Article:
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    Hi,
    Was wondering if anyone could help me, this is part of my revision.
    'Use the iterative formula Xn+1 = ^5root(53-2xn) with a suitable starting value, to find the real root of the equation x^5 + 2x - 53 = 0
    Show the result of each iteration, and give the root correct to 3 decimal places.'
    (OCR June 07 3b)

    In questions I've done, I think I've always been given the starting value. Is there a method to finding this?
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    The mark scheme doesn't say anything about how to choose your starting value. So all I can suggest is pick a number that looks closeish to roughly where the root is and run the iteration on that. If your iteration diverges then just cross it all out and pick another number.
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    I'd use the sign change rule to find a suitable starting value and use that
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    I think it's clear that values of |x|<1 will not be a solution.

    Since x^5 will be the dominant term involving x for values of |x| > 1, I'd look to a very rough solution to

    x^5 = 53 as a starting point.
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    (Original post by kej817)
    Hi,
    Was wondering if anyone could help me, this is part of my revision.
    'Use the iterative formula Xn+1 = ^5root(53-2xn) with a suitable starting value, to find the real root of the equation x^5 + 2x - 53 = 0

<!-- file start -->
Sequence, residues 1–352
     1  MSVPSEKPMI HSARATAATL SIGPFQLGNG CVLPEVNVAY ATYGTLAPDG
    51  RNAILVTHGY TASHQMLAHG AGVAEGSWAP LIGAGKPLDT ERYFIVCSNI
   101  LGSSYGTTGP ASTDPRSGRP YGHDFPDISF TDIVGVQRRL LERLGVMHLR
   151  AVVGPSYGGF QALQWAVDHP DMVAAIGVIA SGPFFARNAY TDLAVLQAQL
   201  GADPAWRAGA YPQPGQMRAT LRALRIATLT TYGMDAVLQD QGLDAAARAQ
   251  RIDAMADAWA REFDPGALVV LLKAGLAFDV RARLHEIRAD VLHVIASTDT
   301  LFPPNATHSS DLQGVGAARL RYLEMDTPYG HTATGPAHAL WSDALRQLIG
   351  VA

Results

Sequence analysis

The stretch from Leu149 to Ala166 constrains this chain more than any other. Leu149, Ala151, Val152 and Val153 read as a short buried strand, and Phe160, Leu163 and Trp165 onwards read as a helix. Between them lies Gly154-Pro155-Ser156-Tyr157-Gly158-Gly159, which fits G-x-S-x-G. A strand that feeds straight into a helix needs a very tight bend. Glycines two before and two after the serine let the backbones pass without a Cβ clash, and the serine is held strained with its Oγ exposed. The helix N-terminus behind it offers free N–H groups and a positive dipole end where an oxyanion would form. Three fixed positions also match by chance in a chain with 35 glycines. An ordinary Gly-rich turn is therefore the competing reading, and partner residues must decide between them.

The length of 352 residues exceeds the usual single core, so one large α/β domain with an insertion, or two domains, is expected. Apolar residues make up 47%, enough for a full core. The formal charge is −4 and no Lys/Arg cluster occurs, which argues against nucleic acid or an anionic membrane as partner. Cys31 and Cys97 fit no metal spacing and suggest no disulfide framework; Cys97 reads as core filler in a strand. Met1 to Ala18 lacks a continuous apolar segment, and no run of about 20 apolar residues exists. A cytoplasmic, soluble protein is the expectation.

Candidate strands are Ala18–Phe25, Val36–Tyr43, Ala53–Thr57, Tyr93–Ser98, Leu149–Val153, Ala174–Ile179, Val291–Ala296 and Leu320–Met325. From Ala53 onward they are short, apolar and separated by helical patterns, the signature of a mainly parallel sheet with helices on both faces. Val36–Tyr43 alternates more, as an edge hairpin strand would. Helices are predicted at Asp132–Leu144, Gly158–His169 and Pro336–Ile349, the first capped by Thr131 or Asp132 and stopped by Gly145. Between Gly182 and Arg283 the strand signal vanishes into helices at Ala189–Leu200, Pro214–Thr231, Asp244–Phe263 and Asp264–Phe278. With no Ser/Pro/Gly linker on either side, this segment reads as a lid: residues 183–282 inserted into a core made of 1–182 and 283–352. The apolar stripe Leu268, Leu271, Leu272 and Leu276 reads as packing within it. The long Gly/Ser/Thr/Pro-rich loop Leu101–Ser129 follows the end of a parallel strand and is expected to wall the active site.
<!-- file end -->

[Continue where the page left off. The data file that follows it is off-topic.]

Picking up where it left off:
Show the result of each iteration, and give the root correct to 3 decimal places.'
    (OCR June 07 3b)

    In questions I've done, I think I've always been given the starting value. Is there a method to finding this?
    Use the table of values button on your calculator and find the value of x^5 + 2x - 52 from 0 to 5 in steps of 1 (presumably you can see it must be positive). Look for a sign change. As this function is continuous there must be a root as it goes from negative to positive.
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    Thanks everyone, I've done it now and it all seems to be converging to a root so it looks right (got 2.175 to 3 dp).
    Woo
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    Can you rearrange the following the way I did?
    Show that -x^3 + 3x^2 - 1 = 0 can be written as x = square root of (1/3-x).
    I did...
    3x^2 = x^3 + 1 (thne divided x^3 + 1 by x^2)

    so 3 = x - x^-2 (then took the x on to the other side)
    3 - x = x^-2
    3 - x = 1/x^2 so x^2 (3-x) = 1
    so x^2 = (1/3-x)
    so x = square root of (1/3-x)

    Thanks
    There are alternative methods by factorising but...i just did it this way!
    If anythings wrong please say so...
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    (Original post by John taylor)
    Can you rearrange the following the way I did?
    Show that -x^3 + 3x^2 - 1 = 0 can be written as x = square root of (1/3-x).
    I did...
    3x^2 = x^3 + 1 (thne divided x^3 + 1 by x^2)

    so 3 = x - x^-2 (then took the x on to the other side)
    3 - x = x^-2
    3 - x = 1/x^2 so x^2 (3-x) = 1
    so x^2 = (1/3-x)
    so x = square root of (1/3-x)

    Thanks
    There are alternative methods by factorising but...i just did it this way!
    If anythings wrong please say so...
    You are told the iterative formula to use in the question. Setting that aside:

    Doing it that way without further consideration is probably not the wisest choice with the "3-x" in the denominator. For a suitable starting point it does converge though.
 
 
 
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